War of the Rebellion: Serial 050 Page 0867 Chapter XLII. THE CHICKAMAUGA CAMPAIGN.

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In accordance with instructions, the command left camp opposite Bridgeport, Ala., at 7 o'clock on the morning of the 13th instant, for Chattanooga, taking with them only blankets and five days' rations.

At 9 o'clock the next morning Chattanooga was passed on our left, and at 11 o'clock we bivouacked at Rossville, Ga., having marched a distance of nearly 40 miles in thirty consecutive hours.

On the morning of the 17th instant, the brigade formed a part of the force which marched to Ringgold, 16 miles from Rossville, drove in the enemy's pickets, and planted a battery on the crest of a hill commanding the town.

On the morning of the 18th instant, the command returned to Rossville, and in the evening of the same day was ordered to the support of Colonel D. McCook, commanding the Second Brigade, Second Division, Reserve Corps, who had taken a position between the Ringgold and the La Fayette roads.

On the morning of the 19th instant, our skirmishers engaged the enemy's advance, and the engagement was fast becoming general when a peremptory order recalled us to Rossville, to place three days' rations in haversack, and proceed to the support of Brigadier-General Whitaker, whose command was lying on the Ringgold road, 4 1/2 miles southeast of Rossville. Here the command rested on their arms during the night of the 19th.

At 11 o'clock on the morning of the 20th, we were ordered across to the La Fayette road, thence to the proximity of the Fourteenth Army Corps. During the last mile of this march, our left flank was constantly threatened by the enemy's cavalry, and our column endangered by the continued firing from masked batteries. After having reached the extreme right of the center, Fourteenth Corps, we found the country one series of ridges separated from each other only by a few hundred yards of thick woods.

At 11 o'clock on the morning of the 20th, we were ordered across to the La Fayette road, thence to the proximity of the Fourteenth Army Corps. During the last mile of this march, our left flank was constantly threatened by the enemy's cavalry, and our column endangered by the continued firing from masked batteries. After having reached the extreme right of the center, Fourteenth Corps, we found the country one series of ridges separated from each other only by a few hundred yards of thick woods.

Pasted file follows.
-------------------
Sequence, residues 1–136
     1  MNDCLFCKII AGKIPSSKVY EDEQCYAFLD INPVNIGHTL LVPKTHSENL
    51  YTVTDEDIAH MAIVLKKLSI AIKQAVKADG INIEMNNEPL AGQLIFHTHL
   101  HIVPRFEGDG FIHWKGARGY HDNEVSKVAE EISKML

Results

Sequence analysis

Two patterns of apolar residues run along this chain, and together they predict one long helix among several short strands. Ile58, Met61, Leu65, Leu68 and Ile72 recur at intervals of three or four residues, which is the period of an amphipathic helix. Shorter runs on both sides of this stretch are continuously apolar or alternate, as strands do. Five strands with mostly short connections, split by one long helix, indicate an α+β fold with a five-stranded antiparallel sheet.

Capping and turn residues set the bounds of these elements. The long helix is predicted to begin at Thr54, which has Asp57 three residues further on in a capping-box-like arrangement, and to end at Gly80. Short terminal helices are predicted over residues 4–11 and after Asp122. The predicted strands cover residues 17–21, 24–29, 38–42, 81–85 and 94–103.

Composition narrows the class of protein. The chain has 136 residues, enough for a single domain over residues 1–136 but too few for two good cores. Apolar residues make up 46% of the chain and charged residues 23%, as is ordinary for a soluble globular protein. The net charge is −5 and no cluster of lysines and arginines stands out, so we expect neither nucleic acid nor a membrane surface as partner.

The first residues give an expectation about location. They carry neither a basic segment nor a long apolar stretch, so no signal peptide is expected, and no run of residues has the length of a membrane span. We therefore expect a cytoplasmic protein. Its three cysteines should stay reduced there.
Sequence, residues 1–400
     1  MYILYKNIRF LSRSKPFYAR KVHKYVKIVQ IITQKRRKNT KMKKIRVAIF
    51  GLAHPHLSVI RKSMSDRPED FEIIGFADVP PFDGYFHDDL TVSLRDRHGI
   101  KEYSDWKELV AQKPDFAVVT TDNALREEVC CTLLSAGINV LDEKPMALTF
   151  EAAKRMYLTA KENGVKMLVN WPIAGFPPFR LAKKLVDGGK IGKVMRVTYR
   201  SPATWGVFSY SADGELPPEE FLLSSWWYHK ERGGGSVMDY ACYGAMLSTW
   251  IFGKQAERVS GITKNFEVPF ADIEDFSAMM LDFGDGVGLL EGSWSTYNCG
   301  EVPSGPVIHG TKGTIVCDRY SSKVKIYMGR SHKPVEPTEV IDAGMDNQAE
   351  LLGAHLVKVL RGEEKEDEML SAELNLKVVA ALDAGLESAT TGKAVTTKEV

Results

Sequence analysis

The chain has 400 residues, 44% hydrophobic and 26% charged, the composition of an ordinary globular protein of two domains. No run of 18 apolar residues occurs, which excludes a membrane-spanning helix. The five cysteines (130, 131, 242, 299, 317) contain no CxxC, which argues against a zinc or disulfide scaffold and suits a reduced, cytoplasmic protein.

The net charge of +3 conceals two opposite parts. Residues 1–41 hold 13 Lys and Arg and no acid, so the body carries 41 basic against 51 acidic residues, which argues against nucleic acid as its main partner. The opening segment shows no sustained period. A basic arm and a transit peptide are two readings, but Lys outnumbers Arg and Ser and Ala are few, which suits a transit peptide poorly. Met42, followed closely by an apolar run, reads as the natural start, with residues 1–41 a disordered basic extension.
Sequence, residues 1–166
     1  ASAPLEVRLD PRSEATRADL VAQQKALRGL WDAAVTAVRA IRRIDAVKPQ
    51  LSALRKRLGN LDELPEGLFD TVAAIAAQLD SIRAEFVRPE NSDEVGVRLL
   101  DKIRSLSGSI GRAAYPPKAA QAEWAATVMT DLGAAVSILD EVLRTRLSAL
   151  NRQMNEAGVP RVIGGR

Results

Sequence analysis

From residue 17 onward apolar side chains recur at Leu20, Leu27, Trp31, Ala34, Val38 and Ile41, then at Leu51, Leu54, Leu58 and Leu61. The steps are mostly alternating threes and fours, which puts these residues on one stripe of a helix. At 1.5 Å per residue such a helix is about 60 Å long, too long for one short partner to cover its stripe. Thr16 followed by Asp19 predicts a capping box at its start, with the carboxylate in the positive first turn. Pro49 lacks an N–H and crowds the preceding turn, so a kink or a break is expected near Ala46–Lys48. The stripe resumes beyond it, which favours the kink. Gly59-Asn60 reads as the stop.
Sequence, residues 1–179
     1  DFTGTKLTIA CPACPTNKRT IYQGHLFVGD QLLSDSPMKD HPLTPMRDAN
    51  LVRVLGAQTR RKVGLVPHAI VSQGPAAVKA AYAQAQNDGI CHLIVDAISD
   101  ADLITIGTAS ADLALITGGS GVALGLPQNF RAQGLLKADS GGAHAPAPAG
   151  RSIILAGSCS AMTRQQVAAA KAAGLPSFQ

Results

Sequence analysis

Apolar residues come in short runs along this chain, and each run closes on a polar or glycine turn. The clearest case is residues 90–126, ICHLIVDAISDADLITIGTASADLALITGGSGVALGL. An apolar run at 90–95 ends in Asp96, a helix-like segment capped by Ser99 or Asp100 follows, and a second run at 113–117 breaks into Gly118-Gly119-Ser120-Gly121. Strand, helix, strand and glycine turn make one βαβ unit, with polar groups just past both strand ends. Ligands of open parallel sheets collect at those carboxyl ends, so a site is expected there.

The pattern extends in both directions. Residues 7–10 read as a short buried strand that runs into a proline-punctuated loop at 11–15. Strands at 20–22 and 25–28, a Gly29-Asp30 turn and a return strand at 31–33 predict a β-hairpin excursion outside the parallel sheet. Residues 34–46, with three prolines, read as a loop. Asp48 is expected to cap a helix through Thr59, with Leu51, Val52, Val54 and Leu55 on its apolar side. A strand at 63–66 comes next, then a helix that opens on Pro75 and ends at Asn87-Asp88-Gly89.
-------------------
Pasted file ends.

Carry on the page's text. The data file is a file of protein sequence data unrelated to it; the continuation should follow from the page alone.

At 1 o'clock an order was received to form line of battle, which was arranged as follows: One hundred and Twenty-first Ohio, Lieutenant Colonel H. B. Banning commanding, on the right; the Ninety-eighth Ohio, Captain M. J. Urquhart, on the left, with the Seventy-eighth Illinois, Lieutenant Colonel Carter Van Vleck, and the One hundred and thirteenth Ohio, Lieutenant Colonel D. B. Warner, in the center. Battery M, First Illinois Artillery, Lieutenant Thomas Burton commanding, took position on the extreme right, supported by two companies of the One hundred and thirteenth and One hundred and twenty-first Ohio Regiments.

When the line, thus formed, reached a point half way up the last of the mentioned ridges, the enemy appeared in force on the crest, and opened a murderous fire.

The order to charge was given, and in response the solid line rushed to the crest, drove the enemy from his position, and held it.

Three several times the enemy rushed upon us to hurl back our line, but in each instance he was met, and gallantly repulsed. In one of these charges, when the conflict had become hand-to-hand, the One hundred and twenty-first Ohio captured the flag of the Twenty-second Alabama Regiment, and bore it with them from the field.

For five hours the command remained in the position first gained, holding it against the repeated assaults of greatly superior numbers, and at sundown, after the last cartridge was fired, fell back to the ridge first in our rear.